Sometimes, beginning writers say to me, “I have to write a five-page paper about [insert topic here],” and I reply, “What do you want to convey? Are you trying to inform? persuade? entertain?” They often don’t know, so we spend time in that realm for a bit. Next, I ask, “Who is your audience? Do they have background knowledge of your topic or are they strangers to it? Are they adults? children? How does knowledge of your audience shape what you plan to say?”

These questions are clarifying. They help the writer start to shape her message, to choose vocabulary, to select anecdotes. When she has a group of people in the seats of her mental auditorium and she can picture their backgrounds and level of expertise, when she understands the reason she is writing and the message she hopes to convey, she can begin to frame her message.

I have been having conversations like this for a very long time, so this morning, when I was preparing to draft this week’s blog and I had, as I often have, a crisis of identity, I asked myself the same questions.

It went something like this.

What am I even going to write about this week? Why do I think anyone will want to read it? Do I have anything valid to say?

I was sounding like one of my students. So, I replied to myself:

“Ok, ok, come back off the ledge…breathe…think…what is your purpose? why are you still writing this blog after five years? What compels you? What are you hoping to accomplish? Who is reading your writing? What do they hope to hear? How will you convey that message? What is your message?”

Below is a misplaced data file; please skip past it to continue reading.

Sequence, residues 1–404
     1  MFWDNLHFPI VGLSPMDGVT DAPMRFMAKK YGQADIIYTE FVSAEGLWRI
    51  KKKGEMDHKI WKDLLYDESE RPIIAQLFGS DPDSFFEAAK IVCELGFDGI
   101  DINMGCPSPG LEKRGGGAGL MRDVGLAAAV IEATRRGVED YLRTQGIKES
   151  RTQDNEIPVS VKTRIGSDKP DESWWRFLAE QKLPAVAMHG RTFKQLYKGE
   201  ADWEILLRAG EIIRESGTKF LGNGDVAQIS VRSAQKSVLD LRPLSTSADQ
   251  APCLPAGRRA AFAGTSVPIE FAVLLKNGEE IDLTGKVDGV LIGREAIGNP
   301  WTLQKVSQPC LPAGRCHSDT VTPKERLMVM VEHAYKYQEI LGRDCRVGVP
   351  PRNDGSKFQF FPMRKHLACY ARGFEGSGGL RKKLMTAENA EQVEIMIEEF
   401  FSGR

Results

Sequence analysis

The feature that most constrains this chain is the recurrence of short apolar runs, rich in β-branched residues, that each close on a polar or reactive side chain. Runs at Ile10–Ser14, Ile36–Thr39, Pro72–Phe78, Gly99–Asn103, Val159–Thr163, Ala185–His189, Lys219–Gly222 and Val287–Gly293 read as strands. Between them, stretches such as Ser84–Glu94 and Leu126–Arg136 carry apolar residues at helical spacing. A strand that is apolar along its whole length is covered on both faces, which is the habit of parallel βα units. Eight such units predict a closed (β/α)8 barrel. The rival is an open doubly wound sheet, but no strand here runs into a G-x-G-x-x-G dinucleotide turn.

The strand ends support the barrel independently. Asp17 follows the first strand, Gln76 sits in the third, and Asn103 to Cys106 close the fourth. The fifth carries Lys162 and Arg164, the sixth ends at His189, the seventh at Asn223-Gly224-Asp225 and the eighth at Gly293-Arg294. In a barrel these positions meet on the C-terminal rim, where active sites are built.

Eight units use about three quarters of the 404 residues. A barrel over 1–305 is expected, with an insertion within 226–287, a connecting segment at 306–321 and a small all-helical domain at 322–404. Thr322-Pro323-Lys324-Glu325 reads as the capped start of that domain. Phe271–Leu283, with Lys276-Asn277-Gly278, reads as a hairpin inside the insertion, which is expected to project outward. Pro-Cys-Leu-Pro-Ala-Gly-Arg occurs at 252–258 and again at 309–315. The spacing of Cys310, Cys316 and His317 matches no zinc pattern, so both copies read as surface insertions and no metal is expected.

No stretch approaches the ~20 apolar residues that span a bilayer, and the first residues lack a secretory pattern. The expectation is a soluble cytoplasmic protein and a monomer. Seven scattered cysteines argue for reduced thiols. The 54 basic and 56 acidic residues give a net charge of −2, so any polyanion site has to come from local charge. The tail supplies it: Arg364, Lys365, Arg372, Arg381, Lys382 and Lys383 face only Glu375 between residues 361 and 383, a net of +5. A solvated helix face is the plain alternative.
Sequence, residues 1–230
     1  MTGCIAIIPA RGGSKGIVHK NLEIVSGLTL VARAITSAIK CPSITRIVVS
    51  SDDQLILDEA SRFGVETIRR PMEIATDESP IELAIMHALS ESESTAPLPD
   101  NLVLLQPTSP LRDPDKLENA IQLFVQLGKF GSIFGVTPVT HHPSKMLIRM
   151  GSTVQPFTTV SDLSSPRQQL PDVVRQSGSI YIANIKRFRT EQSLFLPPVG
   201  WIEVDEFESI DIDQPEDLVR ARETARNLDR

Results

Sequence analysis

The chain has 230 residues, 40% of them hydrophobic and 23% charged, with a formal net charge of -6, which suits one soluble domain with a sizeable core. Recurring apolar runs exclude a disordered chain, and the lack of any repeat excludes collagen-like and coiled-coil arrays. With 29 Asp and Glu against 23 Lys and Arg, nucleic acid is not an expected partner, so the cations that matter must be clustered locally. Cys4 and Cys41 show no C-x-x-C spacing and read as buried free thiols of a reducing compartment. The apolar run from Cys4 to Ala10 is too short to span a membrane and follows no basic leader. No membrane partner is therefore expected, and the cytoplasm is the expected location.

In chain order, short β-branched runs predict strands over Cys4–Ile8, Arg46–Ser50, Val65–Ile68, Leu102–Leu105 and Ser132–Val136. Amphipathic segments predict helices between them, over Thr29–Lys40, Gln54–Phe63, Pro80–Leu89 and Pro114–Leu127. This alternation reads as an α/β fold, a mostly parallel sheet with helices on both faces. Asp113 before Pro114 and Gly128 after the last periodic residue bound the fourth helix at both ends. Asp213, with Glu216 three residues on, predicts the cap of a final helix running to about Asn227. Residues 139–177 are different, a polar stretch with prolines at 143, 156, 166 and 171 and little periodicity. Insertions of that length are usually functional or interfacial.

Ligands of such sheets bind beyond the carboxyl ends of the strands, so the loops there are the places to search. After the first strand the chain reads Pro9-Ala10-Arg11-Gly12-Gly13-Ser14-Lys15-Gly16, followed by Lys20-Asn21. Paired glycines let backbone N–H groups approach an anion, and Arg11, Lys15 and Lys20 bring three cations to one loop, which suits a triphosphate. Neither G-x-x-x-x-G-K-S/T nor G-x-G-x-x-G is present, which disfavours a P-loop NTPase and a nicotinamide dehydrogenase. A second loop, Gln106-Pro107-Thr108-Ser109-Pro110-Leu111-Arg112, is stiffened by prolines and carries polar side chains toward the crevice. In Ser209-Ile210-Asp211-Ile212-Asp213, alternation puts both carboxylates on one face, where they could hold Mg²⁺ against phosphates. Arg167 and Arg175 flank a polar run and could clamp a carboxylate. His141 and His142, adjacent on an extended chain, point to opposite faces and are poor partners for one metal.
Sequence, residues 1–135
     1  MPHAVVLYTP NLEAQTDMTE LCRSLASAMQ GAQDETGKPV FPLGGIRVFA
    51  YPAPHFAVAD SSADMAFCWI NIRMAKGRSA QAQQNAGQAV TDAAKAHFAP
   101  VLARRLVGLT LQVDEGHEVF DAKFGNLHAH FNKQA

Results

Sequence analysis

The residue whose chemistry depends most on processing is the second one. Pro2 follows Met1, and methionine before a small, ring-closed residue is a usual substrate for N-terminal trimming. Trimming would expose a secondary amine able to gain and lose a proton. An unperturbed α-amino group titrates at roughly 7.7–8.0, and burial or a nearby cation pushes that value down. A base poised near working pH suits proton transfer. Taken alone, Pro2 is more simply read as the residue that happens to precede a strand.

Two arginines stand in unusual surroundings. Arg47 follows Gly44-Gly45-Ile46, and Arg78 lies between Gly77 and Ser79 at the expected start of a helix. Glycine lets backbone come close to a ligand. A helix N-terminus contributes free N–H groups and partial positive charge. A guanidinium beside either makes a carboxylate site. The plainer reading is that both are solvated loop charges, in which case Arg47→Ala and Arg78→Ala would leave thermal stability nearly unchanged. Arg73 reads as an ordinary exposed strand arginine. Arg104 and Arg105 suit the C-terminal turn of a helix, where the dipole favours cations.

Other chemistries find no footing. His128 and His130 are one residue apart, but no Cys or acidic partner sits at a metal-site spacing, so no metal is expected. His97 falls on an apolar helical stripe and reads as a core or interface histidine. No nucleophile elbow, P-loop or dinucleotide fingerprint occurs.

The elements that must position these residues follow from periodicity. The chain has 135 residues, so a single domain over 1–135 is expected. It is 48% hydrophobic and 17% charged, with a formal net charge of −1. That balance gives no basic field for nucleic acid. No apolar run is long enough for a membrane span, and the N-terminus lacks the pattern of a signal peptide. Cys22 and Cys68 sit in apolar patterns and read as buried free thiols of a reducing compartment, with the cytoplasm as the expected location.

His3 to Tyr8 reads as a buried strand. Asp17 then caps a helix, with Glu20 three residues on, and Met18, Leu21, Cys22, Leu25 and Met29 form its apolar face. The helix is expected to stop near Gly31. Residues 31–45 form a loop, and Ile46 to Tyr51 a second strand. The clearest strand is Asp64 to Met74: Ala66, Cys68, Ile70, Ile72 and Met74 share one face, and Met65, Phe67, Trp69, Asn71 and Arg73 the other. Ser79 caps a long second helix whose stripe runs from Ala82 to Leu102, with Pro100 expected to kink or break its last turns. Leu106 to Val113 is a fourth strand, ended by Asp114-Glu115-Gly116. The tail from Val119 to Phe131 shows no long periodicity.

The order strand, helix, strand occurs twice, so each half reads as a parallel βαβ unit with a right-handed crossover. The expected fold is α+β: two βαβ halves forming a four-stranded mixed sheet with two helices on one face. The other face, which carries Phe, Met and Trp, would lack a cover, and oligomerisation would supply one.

Wow. Thanks for asking. I think I need to spend some time on this. I often write about healing — physical, emotional, and spiritual. I write about writing. I write about recovering from a life of soldiering. I write about finding rest. I write about creating space. I write about my faith. I write about my failures.

“That’s a good start. Who do you picture as your audience?”

That is more difficult. I have 170 followers, and a typical post gets about 40 views. I imagine most of my readers resonate with something I have to say about faith, autoimmune disease, or living intentionally. I guess that a chunk of my readers are friends and family. And the most important, and surely most critical, member of my audience is myself.

“And how does that inform your writing?”

Whatever my topic is has to originate with something I am processing on my own — a current autoimmune flare, a family transition, something I am learning in my spiritual life. I think what I try to do in my blog is to narrate the inner workings of my mind — first to help myself process, but also to allow others to see that process because I am, and always will be, a teacher. I did this in the classroom — I worked through every assignment my students did, walked them through my process, explaining it as I went. And I just can’t stop my think aloud protocol.